The thing about development is it never seems to work out as well as it was planned – except for the developers. Don’t get me wrong; I’m not opposed to growth. I enjoy, for instance, trees large enough to make shade on a summer afternoon, and creeks wide enough to have pools for swimming. My favorite growth is the fish that grow larger each time I remember them.
Human population growth, on the other hand, has some drawbacks.
Life was good for many years in Emanon. (All names are fictional to protect the storyteller.) Herons and osprey hunted the creek, and people generally enjoyed living here.
A pavement salesman came to Emanon one day touting smooth roads, jobs and reduced vehicle repair bills, but a large number of residents thought the potholes were excellent inverse speedbumps. The salesman climbed back in his truck and left town. Some said they heard him grumbling something about progress.
Far and wide, word went out that people in the town were friendly, schools were good, and a place to build a home was, compared to places closer to the ocean and big cities, affordable. Developers with offices in several states touted the jobs they would create for local workers who would build new homes for new residents, resulting in new revenue in town coffers.
All would be beautiful and prosperous in the quiet rural air of Emanon. And it was.
Until some miscreant decided to break into one of the new homes and make off with a brand new flat-screen TV set large enough to play at the town movie house. Within days, a Special Township Meeting was called at which the residents voted to levy a tax to pay for a patrol car, radios and uniforms, and two officers to ensure the residents’ TV sets remained unmolested.
The following month, amid concern over the advancing age of much of the township’s population, there was added to the municipal budget three full-time paramedics and advanced equipment to augment the volunteer fire ambulance service so residents in trouble would not have to wait for medical assistance to arrive from across the county.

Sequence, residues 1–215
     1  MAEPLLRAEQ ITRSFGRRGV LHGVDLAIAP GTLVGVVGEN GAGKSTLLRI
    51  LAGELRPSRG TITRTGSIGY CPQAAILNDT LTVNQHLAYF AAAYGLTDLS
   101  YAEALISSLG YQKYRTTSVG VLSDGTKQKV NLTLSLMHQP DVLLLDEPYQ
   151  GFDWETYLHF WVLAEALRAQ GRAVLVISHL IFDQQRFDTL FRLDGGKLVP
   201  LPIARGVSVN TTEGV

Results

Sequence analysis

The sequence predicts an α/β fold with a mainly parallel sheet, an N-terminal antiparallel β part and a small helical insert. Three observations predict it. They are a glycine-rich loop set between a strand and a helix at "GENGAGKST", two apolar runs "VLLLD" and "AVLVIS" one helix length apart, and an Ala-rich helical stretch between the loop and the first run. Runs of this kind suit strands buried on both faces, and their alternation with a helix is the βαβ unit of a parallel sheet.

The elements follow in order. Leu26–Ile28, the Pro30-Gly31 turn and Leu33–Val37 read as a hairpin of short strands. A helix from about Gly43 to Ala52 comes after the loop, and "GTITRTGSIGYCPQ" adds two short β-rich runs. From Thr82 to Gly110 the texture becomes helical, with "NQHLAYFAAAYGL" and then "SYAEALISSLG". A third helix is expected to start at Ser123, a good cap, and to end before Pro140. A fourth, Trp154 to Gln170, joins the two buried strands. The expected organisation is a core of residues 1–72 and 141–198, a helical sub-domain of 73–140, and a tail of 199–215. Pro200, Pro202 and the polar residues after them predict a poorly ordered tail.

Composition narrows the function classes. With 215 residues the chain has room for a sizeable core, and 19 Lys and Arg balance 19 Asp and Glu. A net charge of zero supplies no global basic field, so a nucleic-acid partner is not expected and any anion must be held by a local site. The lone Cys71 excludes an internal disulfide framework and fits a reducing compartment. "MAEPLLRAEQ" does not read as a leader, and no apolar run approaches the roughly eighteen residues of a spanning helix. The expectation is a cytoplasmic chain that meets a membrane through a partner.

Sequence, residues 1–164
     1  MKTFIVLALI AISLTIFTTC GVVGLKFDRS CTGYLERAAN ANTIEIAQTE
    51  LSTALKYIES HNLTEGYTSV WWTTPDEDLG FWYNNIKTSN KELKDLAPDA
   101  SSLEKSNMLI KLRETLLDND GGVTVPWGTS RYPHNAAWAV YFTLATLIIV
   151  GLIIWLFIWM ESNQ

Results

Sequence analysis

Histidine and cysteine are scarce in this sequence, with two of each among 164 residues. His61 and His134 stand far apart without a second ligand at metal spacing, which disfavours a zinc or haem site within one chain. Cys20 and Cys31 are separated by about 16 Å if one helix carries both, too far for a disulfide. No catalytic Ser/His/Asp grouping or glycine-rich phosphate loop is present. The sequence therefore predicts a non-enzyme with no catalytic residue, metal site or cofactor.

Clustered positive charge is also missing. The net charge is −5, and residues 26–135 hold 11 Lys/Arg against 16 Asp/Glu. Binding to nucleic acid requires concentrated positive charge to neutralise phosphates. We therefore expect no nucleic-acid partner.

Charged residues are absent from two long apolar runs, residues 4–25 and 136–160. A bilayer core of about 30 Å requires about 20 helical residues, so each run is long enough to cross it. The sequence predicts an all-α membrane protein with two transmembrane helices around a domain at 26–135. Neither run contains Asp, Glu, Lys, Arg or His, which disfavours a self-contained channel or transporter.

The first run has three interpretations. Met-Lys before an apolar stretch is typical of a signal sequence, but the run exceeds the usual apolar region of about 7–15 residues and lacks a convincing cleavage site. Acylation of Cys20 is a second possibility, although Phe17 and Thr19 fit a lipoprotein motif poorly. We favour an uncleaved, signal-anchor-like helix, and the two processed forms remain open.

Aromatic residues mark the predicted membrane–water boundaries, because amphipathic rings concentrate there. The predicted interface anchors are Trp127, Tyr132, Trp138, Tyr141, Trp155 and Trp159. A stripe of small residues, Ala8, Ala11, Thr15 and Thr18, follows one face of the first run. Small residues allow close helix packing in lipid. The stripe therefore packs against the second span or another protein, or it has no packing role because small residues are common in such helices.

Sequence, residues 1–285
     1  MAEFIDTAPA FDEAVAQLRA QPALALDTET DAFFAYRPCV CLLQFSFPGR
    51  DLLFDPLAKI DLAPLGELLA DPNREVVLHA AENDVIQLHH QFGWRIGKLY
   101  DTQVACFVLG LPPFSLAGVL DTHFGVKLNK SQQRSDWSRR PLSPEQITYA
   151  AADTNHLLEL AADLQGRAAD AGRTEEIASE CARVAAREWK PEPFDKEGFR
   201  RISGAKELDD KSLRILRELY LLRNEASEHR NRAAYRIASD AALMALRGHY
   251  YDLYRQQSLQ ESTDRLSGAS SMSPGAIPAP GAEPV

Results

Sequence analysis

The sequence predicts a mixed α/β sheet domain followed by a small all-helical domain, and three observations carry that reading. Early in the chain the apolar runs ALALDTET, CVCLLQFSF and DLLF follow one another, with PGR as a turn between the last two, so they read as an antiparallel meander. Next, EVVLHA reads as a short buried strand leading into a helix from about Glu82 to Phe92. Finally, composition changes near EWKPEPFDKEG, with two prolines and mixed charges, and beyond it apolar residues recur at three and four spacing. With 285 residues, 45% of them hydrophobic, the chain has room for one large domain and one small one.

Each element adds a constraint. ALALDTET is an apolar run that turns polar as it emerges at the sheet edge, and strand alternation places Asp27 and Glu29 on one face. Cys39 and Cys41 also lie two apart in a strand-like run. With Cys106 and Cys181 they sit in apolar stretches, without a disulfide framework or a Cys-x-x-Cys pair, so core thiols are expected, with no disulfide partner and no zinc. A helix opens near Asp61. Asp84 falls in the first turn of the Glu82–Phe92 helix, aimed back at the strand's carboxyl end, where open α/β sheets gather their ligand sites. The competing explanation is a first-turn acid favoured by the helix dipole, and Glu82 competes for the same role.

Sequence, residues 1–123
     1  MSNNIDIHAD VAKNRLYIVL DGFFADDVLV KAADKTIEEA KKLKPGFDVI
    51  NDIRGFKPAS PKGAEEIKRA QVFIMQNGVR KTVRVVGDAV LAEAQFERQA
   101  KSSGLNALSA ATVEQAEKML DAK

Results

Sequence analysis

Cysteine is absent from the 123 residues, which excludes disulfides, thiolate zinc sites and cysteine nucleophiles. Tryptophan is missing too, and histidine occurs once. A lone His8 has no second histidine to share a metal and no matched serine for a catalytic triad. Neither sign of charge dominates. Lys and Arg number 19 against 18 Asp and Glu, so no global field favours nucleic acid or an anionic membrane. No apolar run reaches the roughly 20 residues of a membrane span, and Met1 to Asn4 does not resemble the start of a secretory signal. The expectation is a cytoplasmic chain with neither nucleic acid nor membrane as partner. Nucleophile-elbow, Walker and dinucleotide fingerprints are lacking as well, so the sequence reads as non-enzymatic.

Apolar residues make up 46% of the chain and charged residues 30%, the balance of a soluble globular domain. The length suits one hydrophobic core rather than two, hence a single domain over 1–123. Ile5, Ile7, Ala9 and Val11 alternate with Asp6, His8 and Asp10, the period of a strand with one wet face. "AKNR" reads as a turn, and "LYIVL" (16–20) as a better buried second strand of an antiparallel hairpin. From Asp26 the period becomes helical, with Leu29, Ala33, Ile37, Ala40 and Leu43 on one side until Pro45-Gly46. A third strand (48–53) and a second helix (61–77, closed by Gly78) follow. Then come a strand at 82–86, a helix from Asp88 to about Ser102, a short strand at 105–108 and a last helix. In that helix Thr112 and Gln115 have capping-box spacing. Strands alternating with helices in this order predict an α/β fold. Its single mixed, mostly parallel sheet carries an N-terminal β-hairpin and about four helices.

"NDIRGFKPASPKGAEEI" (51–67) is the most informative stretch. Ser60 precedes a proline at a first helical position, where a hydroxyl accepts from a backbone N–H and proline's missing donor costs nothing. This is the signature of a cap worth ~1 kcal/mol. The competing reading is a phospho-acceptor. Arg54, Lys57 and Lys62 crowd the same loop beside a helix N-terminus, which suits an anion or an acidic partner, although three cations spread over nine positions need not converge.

“By then, I could be dead,” said George Royce, a retired elementary school principal who had recently moved to Emanon.
A few months later, Tim Brown, a dairy farmer at the edge of town, decided it was time to retire and sold his 500-acre farm to a developer, who planted 700 new homes, a new police station for the additional officers that would be necessary, and a new fire and EMS station to house new equipment, including the new ambulance and the previously approved new full-time paramedics.
About six months after the Preserves at Brown’s Glen opened, a wag at a township meeting noted the new taxes to pay for the police and fire services and the finally smoothly-paved roads were about three times what Farmer Brown had been paying on 500 acres of grass, house and barn.
Supervisor Kevin Roberts announced the township had hired an engineer to begin designing a state-mandated waste treatment plant to serve the new houses.
“And what will that cost?” John Stillhauser queried.
“We’re not sure yet,” Supervisor Roberts replied, “but the cost will be covered by users paying to hook up to it, and a monthly fee for using it.”
“Who will have to use it?” Stillhauser asked.
“Everyone in town,” the supervisor answered.
“Tell us again, sir, how all those new homes have increased the tax base,” Ms. McElvoy commented as she took her seat.